How items are added to the Dick Smith Library Collection
Part 4 - Cataloging
Cataloging is a complex and sometimes confusing process. The goal is completeness and consistency, the latter so that one would (ideally) find the same basic information about the same item in whatever library one uses.
Catalog Librarian Melissa Cookson starts by wheeling a cart of newly-acquired items into her office. Most of the items are new additions to our library (rather than additional copies of something we already have, which require less cataloging). If the item is an EXACT match to something already in our collection (a second copy of the same edition, for example), she can skip down to the last step discussed below, adding another item record. If it’s not an exact match, a new bibliographic record must be added.
Melissa works with SmartPort, a part of Sirsi Workflows, our integrated library system (the software that drives our circulation and catalog systems). SmartPort links Workflows with OCLC (Online Computer Library Center), a global, nonprofit, membership, computer library service and research organization, that provides, among other services, a bibliographic utility for libraries to share catalog records.
Melissa says, “I first do a search (usually on ISBN – International Book Standard Number) for the item. I look for a bibliographic record that is DLC (created/edited by the Library of Congress), has a call number, and matches the item in hand (title, author, publisher, year, edition).” She will try different searches (such as author or title, particularly if the item does not have an ISBN) to find the record that is the best possible match.
If she finds something she can work with, she posts our holding while she’s connected to OCLC through SmartPort. This is what allows you to search WorldCat, an online catalog of libraries worldwide that are members of OCLC, and see that Tarleton State University has the item. Then she captures the record, which loads it into Workflows, either adding it to our catalog system or overlaying a record already there (if one was created during the ordering process). Melissa adds, “If I can’t find something I can work with, then I’ll have to create a new record, either based on one that’s close to what I want, or entirely from scratch. This is a very time-consuming process, but I don’t have to do it often.”
The next step is to edit the local bibliographic record (which is not reflected in the record you see in WorldCat). Melissa checks “just about everything” in the MARC record that was downloaded through SmartPort. MARC is MAchine Readable Cataloging, a standardized format developed by the Library of Congress for the representation and communication of bibliographic and related information of a cataloging record. The format facilitates storage, retrieval, and editing of bibliographic records in computerized (automated) library systems. “It’s all very nitpicky,” she says, but it’s important.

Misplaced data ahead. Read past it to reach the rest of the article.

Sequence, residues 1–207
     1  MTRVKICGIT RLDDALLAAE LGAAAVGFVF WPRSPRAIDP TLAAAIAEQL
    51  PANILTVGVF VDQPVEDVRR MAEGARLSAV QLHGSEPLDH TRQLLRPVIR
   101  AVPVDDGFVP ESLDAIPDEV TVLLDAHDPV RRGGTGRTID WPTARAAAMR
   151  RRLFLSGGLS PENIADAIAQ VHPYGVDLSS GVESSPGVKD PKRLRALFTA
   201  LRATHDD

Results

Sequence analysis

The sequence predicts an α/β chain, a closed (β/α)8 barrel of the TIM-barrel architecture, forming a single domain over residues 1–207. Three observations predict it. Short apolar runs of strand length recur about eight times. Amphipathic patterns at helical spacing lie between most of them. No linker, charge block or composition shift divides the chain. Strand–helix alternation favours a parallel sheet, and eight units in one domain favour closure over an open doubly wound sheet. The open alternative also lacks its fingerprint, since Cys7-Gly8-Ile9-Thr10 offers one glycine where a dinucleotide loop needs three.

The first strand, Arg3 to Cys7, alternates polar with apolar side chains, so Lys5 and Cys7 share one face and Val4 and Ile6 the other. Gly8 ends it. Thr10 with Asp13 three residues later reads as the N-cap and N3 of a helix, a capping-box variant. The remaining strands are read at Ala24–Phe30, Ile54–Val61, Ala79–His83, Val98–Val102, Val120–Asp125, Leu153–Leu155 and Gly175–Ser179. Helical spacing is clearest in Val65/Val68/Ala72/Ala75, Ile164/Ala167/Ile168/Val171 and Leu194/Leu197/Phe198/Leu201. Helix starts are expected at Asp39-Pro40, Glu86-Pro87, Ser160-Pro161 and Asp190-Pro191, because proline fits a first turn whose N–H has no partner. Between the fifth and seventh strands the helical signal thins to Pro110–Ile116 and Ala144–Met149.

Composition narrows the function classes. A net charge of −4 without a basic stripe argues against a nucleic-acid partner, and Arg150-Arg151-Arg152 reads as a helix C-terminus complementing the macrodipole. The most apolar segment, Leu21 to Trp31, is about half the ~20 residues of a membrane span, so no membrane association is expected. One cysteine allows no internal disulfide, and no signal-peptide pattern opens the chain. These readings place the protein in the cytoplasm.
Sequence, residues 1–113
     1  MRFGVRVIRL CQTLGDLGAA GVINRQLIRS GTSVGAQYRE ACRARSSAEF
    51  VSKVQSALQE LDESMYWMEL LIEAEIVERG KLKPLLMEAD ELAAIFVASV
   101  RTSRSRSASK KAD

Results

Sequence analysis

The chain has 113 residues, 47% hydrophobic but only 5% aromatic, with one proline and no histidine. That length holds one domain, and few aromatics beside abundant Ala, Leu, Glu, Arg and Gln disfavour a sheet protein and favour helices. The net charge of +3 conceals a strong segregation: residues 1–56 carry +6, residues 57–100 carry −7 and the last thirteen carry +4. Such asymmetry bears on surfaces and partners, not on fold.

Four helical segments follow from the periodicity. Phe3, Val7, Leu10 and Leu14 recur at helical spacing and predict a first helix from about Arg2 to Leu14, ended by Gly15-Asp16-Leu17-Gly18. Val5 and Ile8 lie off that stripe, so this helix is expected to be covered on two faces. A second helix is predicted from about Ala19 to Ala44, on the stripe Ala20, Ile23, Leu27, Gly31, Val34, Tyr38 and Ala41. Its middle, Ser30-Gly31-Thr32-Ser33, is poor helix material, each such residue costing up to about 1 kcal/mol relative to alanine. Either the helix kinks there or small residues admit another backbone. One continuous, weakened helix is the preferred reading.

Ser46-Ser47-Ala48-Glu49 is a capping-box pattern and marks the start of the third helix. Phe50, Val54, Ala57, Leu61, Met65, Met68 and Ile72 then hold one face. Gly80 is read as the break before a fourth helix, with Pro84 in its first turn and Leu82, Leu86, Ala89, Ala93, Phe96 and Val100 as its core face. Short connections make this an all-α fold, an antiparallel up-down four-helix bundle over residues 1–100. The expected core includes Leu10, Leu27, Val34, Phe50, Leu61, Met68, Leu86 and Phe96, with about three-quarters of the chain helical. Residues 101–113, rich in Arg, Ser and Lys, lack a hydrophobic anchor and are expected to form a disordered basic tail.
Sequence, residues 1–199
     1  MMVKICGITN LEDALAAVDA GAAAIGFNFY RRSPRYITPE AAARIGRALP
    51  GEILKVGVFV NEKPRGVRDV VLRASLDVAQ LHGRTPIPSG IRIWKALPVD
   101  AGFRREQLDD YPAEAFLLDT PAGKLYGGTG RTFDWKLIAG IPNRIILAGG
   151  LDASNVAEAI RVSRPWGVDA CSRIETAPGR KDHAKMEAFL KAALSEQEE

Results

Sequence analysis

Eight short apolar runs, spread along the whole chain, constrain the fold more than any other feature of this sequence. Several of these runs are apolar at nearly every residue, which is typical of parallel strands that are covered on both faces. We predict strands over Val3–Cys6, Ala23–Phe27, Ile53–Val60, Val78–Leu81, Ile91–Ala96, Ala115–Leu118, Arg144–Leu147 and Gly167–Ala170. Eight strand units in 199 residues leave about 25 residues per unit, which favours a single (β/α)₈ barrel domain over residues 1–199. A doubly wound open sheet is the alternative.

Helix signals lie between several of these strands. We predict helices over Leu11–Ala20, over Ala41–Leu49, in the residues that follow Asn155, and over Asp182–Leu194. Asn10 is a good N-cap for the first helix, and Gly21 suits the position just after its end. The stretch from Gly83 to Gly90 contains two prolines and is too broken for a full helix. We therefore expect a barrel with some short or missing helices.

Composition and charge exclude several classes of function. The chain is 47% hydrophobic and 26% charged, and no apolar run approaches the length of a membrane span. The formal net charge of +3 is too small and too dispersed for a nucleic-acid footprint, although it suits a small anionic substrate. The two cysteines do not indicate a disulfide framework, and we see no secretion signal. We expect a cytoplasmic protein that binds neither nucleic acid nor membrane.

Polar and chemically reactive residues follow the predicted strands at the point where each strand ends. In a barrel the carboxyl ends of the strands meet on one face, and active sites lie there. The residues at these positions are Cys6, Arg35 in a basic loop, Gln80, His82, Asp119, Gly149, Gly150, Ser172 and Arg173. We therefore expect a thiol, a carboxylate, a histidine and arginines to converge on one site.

She then adds the 590 (a local) field to the record, which includes the date received, vendor, funding source, selector (if applicable), and item cost that were written in the book's gutter across from the copyright page (or, for audiovisual items, on the library pocket that was inserted) during receiving, as well as the barcode number. Two barcodes stickers are added to the item – one to the top right corner of the front cover, and one to the pocket that will be stuck inside the item.
She also writes the call number in the book on the page after the title page (usually – on the library pocket for AV items). The call numbers either come from OCLC or are generated by Melissa for bibliographic records she creates from scratch, sometimes with the help of a free online tool called The Cataloging Calculator. If the item is part of a particular collection (such as curriculum, audiovisuals, local history, or reference,) or of a particular type (CD, DVD, audiobook, teacher resource book, etc.), that becomes part of the beginning of the call number – for example, AV AUDIO for audiobooks, EDUC REF for reference books in the Curriculum Collection, etc.
The last step is to add the item record in Workflows, which will correspond with the barcode (one item record per barcode). Melissa includes the item’s price, barcode, the vendor if it’s Blackwell, and whether or not it’s a new title. She also assigns item type – most things are books, but we also have audiobooks, CDs, DVDs, maps, reference materials, and so on. The home and current location at this point is still INPROCESS. This is “where” the item will show up as being when you check our online catalog. Later the home location will be changed to wherever the item “lives” (Stacks on the third floor, Reference on the main floor, or the various collections on the lower level) – but that will happen in the next step, processing (next week!).